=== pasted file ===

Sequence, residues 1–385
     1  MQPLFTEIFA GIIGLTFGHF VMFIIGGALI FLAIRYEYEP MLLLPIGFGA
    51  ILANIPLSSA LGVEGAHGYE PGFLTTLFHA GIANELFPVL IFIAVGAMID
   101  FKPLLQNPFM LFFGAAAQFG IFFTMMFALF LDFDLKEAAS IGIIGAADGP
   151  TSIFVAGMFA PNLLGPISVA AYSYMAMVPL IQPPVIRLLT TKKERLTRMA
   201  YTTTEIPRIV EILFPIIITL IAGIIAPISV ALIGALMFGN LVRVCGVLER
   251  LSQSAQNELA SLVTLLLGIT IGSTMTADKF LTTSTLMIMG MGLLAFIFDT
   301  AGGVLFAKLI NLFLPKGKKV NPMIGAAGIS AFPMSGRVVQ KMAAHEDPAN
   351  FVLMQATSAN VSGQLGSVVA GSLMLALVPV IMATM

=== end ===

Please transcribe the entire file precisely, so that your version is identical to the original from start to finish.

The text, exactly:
Sequence, residues 1–385
     1  MQPLFTEIFA GIIGLTFGHF VMFIIGGALI FLAIRYEYEP MLLLPIGFGA
    51  ILANIPLSSA LGVEGAHGYE PGFLTTLFHA GIANELFPVL IFIAVGAMID
   101  FKPLLQNPFM LFFGAAAQFG IFFTMMFALF LDFDLKEAAS IGIIGAADGP
   151  TSIFVAGMFA PNLLGPISVA AYSYMAMVPL IQPPVIRLLT TKKERLTRMA
   201  YTTTEIPRIV EILFPIIITL IAGIIAPISV ALIGALMFGN LVRVCGVLER
   251  LSQSAQNELA SLVTLLLGIT IGSTMTADKF LTTSTLMIMG MGLLAFIFDT
   301  AGGVLFAKLI NLFLPKGKKV NPMIGAAGIS AFPMSGRVVQ KMAAHEDPAN
   351  FVLMQATSAN VSGQLGSVVA GSLMLALVPV IMATM